Online patient engagement tools helped improve chronic disease management by almost 10% for some conditions.
Online patient engagement tools such as patient portals play a significant role in increasing patient engagement in chronic disease management and preventative care, according to researchers from Kaiser Permanente of Southern California.
Researchers from KPSC conducted a study after implementing the Online Personal Action Plan (oPAP). The oPAP is an extension patient engagement tool to their online patient portal, and helps patients get more information regarding disease prevention, health promotion, and care gaps, closing any disparities in preventative care.
“Even with the efforts of healthcare providers and staff, patients often need help accomplishing their efforts to maintain their health outside the medical office setting, and gaps in care are common,” the research team, led by Shayna L. Henry, PhD, explained.
After examining care gap closure rates between oPAP users and non-users between December 2014 and March 2015, the researchers found that online patient engagement tools like the oPAP can play a significant role in improving the delivery of preventative care and chronic disease management.
By the end of the data collection period, 40 percent of the 838,638 patients included in the study had registered with the oPAP and received at least one email alert. These alerts were used to notify patients that there was a chronic disease management concern, providing them with a preventative action plan.
Those email notifications had a positive effect across a wide array of preventative measures. oPAP users were nine percent more likely to close the mammogram care gap than non-users, and 12 percent more likely to complete routine HbA1c testing than non-users. Additionally, they were six percent more likely to receive a Pap smear than non-users, and nine percent more likely to receive a colorectal cancer screening than non-users.
“In the present sample, oPAP users were more likely than non-registered members to receive screening tests for breast, cervical, and colorectal cancers and more likely to complete their HbA1c testing,” the report explained.
Despite the success with preventative screenings, oPAP non-users were no less likely to receive a vaccination than oPAP users.
This study is significant due to the impact it has on chronic disease and population health management. Although it has been maintained throughout the industry that better patient engagement increases overall health, it has been difficult for providers to get through to their patients.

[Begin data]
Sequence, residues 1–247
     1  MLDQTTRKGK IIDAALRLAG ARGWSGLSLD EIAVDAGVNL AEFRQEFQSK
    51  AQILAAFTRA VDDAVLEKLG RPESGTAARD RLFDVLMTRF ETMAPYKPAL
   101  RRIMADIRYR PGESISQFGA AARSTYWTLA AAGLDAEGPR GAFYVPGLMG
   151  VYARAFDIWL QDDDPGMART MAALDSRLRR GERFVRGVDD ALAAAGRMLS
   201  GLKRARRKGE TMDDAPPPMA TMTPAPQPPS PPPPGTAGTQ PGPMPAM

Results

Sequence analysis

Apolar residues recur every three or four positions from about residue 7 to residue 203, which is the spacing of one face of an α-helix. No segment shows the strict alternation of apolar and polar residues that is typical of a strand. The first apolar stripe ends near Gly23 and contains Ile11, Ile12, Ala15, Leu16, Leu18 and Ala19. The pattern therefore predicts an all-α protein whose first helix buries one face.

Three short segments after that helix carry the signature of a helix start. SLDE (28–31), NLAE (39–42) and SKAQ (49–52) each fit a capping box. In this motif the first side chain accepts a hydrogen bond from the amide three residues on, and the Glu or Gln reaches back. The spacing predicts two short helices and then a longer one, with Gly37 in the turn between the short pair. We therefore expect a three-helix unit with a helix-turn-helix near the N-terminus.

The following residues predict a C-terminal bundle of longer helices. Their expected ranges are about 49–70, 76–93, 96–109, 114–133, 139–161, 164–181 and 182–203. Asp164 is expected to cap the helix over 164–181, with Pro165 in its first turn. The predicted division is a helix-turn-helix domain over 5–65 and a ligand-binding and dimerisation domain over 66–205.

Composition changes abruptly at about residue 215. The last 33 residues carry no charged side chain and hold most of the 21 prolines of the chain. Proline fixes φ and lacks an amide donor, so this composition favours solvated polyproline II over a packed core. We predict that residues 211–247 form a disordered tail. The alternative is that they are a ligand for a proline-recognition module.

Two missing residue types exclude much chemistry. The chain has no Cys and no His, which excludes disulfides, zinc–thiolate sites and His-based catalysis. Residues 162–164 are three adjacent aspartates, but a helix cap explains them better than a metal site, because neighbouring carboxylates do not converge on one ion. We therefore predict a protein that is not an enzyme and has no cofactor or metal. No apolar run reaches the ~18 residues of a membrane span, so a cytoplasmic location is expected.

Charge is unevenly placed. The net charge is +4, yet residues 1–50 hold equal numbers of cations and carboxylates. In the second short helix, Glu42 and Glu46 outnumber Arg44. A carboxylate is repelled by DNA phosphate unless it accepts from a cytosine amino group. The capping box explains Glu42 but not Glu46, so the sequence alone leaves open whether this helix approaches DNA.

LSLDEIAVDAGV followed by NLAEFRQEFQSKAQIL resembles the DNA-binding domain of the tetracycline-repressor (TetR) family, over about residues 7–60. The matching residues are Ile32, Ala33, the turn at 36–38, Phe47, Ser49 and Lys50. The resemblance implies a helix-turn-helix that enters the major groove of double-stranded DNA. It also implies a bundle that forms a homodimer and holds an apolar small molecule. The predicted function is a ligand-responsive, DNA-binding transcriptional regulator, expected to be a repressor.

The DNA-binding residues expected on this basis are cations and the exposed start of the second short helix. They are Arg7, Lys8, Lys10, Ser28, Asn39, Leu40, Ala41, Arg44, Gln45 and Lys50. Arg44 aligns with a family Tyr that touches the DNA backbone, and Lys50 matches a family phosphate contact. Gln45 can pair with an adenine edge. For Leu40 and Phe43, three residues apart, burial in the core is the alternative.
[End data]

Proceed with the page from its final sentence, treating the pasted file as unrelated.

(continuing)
With between 20 and 80 percent of adult patients going without vaccines or preventative care screenings, it is important that healthcare professionals are able to adopt effective patient engagement strategies.
“Making sure that patients and health plan members get the screening and monitoring services they need is crucial in providing care and ensuring that health and quality of life are maintained,” the research team noted. “However, increasing engagement in these primary and secondary prevention efforts can be difficult and costly.”
These results show hope for patient engagement and the positive effects it can have on chronic disease and population health management. Although the oPAP, and many other patient-facing online tools, have yet to reach ubiquitous adoption across patient populations, their proven effectiveness may convince some providers to encourage their patients to register for them.
“[T]he success of the oPAP at promoting care gap closure is encouraging for the development of patient-enabled health management tools both within KP and other health systems, and for the continued use and expansion of the oPAP system,” the research team explained.
Going forward, the researchers maintain that the oPAP may serve as a feasible patient engagement model to help improve chronic disease management by allowing patients to have the power to manage their own healthcare.
“[T]he results of the present study indicate that the oPAP has considerable potential to be a model for cost- and resource-effective patient engagement in health maintenance and disease prevention,” the researchers concluded. “Importantly, once created, the oPAP allows for patient self-management, creating a minimal-cost intervention to maintain its operation.”